Joseph Rishel, the brilliant, resourceful Philly-based curator of memorable exhibitions including Cézanne and Beyond, has left us for the Great Beyond. He was “brilliant” in making evocative connections and sharing deep insights regarding major works that we had thought we already knew; “resourceful” because he knew where all the hidden pictures were buried, and he had the charm and diplomatic skills to induce their private owners to unearth them for his worthy purposes.
Here’s one of his collector-wooing strategems, as he had described it to me over lunch during the “Cézanne and Beyond” press preview at the Philadelphia Museum of Art (PMA):
In a gambit he’d never tried before, he created “playing cards” that graphically demonstrated to a potential lender how his work would fit in with the others around it. He persuasively made the case that the coveted missing card was essential to the game.
One wooed in this manner was Steve Wynn, whose elbowed Picasso portrait of Marie-Thérèse Walter (not lent to the Museum of Modern Art) was dispatched to Philly to cohabit with Madame Cézanne, likewise ensconced in a red armchair, with hands folded:
L: Picasso, “Le Rêve,” 1932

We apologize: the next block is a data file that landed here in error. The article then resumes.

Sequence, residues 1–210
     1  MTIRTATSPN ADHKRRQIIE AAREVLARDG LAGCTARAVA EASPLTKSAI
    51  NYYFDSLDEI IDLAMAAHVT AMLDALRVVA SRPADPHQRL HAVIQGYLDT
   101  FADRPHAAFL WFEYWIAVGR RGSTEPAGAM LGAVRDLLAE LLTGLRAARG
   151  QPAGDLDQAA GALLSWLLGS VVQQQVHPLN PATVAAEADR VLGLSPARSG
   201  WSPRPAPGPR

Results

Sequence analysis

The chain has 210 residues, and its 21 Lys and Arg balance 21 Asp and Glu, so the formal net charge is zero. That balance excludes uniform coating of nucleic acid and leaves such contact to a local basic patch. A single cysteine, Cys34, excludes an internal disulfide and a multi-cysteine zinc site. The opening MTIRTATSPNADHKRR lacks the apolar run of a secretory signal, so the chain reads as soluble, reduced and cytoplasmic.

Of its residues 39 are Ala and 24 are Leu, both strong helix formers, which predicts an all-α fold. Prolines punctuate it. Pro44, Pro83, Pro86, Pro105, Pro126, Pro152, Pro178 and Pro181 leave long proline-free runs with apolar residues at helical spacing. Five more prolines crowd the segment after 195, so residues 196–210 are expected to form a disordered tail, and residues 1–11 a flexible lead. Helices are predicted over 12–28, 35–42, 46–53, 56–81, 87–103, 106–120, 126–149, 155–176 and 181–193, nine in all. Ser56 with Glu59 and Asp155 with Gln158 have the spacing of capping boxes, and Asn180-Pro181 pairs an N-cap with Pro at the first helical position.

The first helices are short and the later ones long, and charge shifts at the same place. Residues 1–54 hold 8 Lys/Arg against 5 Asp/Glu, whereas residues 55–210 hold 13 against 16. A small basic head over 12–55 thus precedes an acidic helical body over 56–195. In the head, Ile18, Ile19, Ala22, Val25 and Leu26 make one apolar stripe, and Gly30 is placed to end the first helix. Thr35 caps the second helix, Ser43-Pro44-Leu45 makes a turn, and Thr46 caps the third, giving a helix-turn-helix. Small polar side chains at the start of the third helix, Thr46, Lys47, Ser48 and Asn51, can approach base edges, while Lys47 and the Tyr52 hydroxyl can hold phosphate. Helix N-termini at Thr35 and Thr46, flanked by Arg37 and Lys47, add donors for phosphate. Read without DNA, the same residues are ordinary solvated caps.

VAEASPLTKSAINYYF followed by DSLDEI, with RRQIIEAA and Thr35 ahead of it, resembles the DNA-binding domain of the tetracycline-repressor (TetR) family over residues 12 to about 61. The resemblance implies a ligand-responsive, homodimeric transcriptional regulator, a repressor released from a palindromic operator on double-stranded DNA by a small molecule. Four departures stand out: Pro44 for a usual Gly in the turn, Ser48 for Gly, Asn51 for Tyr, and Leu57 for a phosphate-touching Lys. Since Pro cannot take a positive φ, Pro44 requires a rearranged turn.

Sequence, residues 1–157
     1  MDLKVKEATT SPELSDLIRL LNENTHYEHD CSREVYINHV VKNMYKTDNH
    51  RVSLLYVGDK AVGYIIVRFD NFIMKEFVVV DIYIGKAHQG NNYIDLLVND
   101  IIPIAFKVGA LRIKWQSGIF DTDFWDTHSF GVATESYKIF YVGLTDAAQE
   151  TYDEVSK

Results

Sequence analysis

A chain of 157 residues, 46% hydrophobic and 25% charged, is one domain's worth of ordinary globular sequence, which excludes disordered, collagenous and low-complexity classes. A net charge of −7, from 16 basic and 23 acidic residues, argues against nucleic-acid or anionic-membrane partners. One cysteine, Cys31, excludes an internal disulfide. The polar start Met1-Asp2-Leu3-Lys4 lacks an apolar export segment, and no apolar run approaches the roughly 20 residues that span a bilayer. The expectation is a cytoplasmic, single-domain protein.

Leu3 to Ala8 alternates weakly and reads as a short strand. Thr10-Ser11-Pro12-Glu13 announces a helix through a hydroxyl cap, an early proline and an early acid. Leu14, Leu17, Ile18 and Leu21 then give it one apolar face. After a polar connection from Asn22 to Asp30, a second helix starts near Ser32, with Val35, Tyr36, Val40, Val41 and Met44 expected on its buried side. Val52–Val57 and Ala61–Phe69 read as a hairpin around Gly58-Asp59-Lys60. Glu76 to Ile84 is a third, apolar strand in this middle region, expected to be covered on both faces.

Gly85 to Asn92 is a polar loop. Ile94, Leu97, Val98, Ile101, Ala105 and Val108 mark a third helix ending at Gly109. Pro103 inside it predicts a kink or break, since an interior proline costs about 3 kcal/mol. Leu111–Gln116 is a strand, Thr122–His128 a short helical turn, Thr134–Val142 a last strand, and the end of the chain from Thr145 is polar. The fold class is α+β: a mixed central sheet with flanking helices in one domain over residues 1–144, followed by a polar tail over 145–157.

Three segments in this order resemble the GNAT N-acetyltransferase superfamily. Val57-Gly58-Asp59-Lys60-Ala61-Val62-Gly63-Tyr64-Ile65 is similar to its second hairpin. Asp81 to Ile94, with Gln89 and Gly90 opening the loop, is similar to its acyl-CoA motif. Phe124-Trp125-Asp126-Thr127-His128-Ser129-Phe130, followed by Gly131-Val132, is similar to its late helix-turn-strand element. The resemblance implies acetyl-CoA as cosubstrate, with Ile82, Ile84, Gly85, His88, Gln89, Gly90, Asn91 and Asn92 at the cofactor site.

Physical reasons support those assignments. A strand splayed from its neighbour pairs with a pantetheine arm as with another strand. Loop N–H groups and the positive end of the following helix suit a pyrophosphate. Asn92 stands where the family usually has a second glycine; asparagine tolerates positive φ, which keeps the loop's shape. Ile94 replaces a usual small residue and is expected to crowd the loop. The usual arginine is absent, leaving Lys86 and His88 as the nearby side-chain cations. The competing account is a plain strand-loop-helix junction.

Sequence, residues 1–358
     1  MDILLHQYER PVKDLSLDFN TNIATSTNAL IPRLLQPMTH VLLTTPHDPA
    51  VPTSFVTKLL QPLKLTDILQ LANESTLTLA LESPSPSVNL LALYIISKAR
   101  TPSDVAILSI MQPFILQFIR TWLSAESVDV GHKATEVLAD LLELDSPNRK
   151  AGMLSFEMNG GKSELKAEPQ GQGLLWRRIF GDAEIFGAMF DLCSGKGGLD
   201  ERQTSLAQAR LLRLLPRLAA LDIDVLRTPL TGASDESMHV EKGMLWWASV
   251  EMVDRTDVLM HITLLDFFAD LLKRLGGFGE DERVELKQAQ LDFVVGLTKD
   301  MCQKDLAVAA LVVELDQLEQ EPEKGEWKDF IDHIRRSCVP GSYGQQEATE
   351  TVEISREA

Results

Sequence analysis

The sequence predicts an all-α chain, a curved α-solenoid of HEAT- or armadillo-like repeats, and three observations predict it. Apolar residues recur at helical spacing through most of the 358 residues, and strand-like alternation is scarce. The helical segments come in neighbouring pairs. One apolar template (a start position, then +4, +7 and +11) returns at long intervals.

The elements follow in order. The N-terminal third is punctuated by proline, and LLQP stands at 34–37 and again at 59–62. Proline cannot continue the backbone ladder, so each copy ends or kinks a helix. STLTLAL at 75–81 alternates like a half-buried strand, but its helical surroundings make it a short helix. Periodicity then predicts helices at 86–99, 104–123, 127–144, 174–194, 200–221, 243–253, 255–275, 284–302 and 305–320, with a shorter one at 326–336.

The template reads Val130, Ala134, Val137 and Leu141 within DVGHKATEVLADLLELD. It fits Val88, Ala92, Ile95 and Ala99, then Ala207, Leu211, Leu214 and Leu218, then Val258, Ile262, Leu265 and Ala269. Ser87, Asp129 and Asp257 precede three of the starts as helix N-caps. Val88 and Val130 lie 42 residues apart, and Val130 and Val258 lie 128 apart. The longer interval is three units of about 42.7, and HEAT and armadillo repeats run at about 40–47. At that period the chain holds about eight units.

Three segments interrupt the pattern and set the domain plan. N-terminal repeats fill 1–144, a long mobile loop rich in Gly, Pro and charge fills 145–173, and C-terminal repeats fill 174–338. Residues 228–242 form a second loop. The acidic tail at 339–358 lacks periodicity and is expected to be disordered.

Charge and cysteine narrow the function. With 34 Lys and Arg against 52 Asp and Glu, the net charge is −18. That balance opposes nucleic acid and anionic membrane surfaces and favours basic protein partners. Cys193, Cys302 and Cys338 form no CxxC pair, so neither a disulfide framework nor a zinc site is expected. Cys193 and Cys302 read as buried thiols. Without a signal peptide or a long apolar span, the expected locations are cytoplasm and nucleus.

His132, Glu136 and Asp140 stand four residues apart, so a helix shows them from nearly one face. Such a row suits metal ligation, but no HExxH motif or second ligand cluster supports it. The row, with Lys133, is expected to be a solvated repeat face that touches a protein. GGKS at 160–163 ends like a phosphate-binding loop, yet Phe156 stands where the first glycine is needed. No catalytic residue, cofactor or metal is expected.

R: Cézanne, “Madame Cézanne in a Red Armchair,” c. 1877, Boston Museum of Fine Arts
Photos by Lee Rosenbaum
When I asked Rishel why his must-see show was not going to travel, he answered as I had anticipated: Many lenders could not be induced to part with their closely held treasures for more than three months…only for Joe.
I was among the legions of admirers captivated by both the Philadelphia Museum senior curator’s serious exhibitions and his humorous quips. The only times his customary joie de vivre faded from his face were when his thoughts turned to his beloved, deeply missed partner in both life and work—Anne d’Harnoncourt, his “boss” as director of the PMA (to whom his “Cézanne and Beyond” catalogue was dedicated). After she died unexpectedly in 2008, I wrote this appreciation of her for the Philadelphia Inquirer, in which I praised her “irresistible charm, intelligence and good humor”—words that could be applied equally to her spouse.
Art writer Stephan Salisbury, in his admiring Philadelphia Inquirer obit for Rishel (who died on Thursday of complications from Parkinson’s disease), eulogized him as “a legend,” beloved for his “elliptical, shaggily unwinding anecdotes, indefatigable curatorial efforts, and unwavering support of colleagues.” Salisbury quoted Timothy Rub, the PMA’s current director, extolling Joe as “one of the great makers of exhibitions in our history”—an assessment that I’d heartily endorse.
He tried to learn something from everyone with whom he came in contact—even me: When we sat together at a 2008 New York press lunch, he pumped me for information about what he should see while in town, and was seemingly delighted by my suggestions. They were inadequate payback for the pleasure and knowledge that his own exhibitions and elucidations had provided to me and countless other art lovers over his 45 years at the Philadelphia Museum.
A NOTE TO MY READERS: The PMA has set up a donation page for gifts in Joe’s memory, with contributions going towards the Joseph J. Rishel Fund for Excellence in European Painting and Sculpture, and the Philadelphia Museum’s endowment.